We will use that achy old arm
I try to remind myself when I get frustrated, or feel hopeless or attempt to cope with any of the numerous emotions my family feels on a daily basis that we are not alone. I mean this in two ways. The first is that we are not the only family waiting for a miracle. There are over 123,000 people waiting on this list. There are 123,000 people hoping, praying and pleading that they get this phone call. There are 123,000 individuals waiting for a second chance, for the gift of life. While it may feel to us and our friends and family that we are the only ones in this battle, we aren’t. I try to remind myself that as challenging as this journey is with all its ups and downs, twists and turns, many other mothers, brothers, fathers, sisters, sons, daughters, aunts and uncles have been through and are going through the same thing. I try to remember that at least we are lucky enough to have the people we do surrounding us. We are not alone because we are surrounded by family who give up their plans, friends who give daily words of encouragement and continuously offer whatever they can, and strangers who may not completely know or understand our situation, but still offer a kind word or a smile. We are surrounded by people who give us strength.
In high school, we had a day called "Ethics Day." One of the prompts was deciding who would receive a heart transplant. While some students picked the doctor or the child or the mother, I didn't pick a person, I gave a requirement. For those of you who didn't know me when I was younger, I was quiet (my how that’s changed!!) That day, I stood up, and told my class my requirement was the recipients support system. You have to have one. If we thought it was challenging when we first realized my dad need another transplant, it has gotten exponentially worse. We’ve had hope, heartache, anger, frustration, curse words, crying and everything in between. If we thought the past 6 months were difficult, what happens if we aren’t lucky enough to get the call for another 2 months? It is our support system and the people surrounding us that will make my dad and our family fight through. Yes, right now it is freaking difficult just waiting for a phone call, but I can guarantee its going to get a hell of a lot harder before it ever gets better.
I made the argument that you as a person waiting for the transplant have to have a certain level of perseverance, which my dad has showed unconditionally. Every day I want to tell him he has to keep fighting not just for him, but for me. I expect him to walk me down the aisle one day and to dance to butterfly kisses. While I cannot fathom how wretched it is constantly itching, feeling crummy and waiting for a certain phone call, I do realize how much everyone means to him. He has to keep fighting because it's not just for him. It's for my mom, my brother, my sister, his siblings, his friends, his nieces and nephews, and the future family that will come. It’s thanks to our support system that when my mom (who is a champ) or I can’t make him smile, someone else will. It's thanks to our support system that my dad has distractions and that my dad keeps fighting. (It is also thanks to my dad being generally just awesome, but that post is saved for after we get the call!!)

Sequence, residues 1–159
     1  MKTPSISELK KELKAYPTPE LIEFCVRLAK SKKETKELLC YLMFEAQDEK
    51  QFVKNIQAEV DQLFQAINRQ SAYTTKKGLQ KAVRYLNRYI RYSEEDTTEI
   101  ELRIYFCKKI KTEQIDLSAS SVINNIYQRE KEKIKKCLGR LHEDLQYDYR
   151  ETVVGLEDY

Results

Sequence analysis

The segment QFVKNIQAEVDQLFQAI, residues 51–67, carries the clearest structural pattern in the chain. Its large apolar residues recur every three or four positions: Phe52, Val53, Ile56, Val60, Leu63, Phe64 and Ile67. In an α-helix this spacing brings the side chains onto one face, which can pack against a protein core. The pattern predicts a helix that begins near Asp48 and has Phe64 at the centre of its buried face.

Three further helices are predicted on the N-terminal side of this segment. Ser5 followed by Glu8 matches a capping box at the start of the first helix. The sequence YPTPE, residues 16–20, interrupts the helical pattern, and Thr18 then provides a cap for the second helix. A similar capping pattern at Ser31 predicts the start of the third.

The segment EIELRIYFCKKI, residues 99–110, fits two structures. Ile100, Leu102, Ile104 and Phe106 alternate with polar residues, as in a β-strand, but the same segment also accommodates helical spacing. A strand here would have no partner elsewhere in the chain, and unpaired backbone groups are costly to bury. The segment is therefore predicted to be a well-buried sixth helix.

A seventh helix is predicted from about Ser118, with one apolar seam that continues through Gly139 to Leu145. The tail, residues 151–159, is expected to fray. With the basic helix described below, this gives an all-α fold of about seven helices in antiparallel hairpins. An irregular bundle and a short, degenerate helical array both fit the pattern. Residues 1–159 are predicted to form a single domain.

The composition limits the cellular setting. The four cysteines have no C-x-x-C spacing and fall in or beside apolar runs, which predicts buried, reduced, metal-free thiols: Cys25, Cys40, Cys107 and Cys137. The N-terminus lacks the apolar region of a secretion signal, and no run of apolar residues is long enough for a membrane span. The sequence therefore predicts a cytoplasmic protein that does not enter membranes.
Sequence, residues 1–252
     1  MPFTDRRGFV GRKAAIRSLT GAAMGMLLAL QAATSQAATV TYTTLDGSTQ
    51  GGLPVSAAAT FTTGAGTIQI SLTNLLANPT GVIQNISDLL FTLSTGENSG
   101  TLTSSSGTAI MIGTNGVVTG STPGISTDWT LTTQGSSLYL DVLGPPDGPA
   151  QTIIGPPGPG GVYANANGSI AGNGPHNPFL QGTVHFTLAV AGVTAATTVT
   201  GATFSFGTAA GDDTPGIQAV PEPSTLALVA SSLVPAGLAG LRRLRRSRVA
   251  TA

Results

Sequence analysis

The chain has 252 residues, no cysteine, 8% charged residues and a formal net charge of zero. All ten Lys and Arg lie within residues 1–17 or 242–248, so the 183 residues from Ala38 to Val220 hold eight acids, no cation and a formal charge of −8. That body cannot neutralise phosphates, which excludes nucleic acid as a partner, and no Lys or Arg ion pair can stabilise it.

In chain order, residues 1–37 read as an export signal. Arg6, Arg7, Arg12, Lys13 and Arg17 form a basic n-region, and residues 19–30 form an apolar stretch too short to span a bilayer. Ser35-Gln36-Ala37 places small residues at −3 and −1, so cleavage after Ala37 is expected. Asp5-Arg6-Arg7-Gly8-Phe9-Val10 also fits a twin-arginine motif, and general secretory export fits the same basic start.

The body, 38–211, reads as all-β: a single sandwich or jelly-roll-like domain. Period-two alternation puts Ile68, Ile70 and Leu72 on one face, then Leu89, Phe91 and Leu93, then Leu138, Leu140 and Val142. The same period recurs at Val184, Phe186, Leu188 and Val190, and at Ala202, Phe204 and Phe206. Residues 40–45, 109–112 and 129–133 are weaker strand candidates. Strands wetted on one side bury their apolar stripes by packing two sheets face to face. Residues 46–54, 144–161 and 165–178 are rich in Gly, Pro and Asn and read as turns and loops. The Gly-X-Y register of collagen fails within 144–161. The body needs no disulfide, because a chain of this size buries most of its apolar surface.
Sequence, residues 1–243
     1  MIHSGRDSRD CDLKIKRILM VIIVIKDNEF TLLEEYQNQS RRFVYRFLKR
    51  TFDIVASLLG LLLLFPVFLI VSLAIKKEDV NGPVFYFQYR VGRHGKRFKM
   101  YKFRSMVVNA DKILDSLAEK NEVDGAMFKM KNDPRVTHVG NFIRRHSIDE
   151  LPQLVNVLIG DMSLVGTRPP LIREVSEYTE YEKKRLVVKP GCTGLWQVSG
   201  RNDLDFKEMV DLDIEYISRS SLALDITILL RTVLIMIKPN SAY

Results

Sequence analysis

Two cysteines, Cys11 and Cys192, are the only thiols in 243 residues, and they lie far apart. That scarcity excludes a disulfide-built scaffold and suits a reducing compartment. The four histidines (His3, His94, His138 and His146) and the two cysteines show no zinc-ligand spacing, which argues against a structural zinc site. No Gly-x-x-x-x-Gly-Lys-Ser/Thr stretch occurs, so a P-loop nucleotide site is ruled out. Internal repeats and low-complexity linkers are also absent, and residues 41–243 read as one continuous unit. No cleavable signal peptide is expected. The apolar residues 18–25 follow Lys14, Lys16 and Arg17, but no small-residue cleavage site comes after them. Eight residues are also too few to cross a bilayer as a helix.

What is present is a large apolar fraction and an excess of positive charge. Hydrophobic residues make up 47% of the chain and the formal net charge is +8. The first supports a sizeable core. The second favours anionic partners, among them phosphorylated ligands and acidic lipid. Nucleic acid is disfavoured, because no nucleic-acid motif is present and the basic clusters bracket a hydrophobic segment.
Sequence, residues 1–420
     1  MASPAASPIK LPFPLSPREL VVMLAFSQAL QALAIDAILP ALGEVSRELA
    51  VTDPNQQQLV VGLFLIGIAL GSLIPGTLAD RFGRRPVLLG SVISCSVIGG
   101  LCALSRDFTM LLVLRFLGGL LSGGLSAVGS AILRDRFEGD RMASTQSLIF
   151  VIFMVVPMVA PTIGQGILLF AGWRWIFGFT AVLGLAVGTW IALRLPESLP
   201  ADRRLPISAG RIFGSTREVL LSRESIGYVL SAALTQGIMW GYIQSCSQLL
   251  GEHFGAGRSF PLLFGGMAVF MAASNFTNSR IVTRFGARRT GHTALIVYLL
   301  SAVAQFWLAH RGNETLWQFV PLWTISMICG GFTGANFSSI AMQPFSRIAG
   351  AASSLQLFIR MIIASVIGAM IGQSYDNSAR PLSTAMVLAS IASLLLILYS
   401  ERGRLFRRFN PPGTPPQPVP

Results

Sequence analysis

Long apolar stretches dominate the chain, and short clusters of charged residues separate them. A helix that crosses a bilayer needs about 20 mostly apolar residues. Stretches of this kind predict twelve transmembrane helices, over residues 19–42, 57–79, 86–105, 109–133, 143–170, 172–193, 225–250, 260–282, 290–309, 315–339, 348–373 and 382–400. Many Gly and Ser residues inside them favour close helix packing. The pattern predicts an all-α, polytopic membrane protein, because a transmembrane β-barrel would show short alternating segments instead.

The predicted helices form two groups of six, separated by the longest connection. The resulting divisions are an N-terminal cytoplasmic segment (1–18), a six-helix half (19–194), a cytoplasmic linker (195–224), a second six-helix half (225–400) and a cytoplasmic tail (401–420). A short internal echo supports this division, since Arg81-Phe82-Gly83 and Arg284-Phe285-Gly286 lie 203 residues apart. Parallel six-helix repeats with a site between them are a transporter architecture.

So with the springtime around the corner, the sun beginning to shine longer, and our favorite season moments from beginning, I will end with the same sentiment I have clung to. I don’t know when, I don’t know where and I don’t know how, but soon someone is going to use their “achey old arm to push the sun back up in the sky and give us one more day of summer.” And when that day of summer arrives, and we all take a deep breath before we start the next, but much happier adventure, you all will be here for the celebration. So, thank you to each and every one of you who has called, texted, emailed, sent flowers, sent food, sent thoughts and prayers, sent hope, sent love and everything in between, because without you this would be a million times harder.
Lots of love always,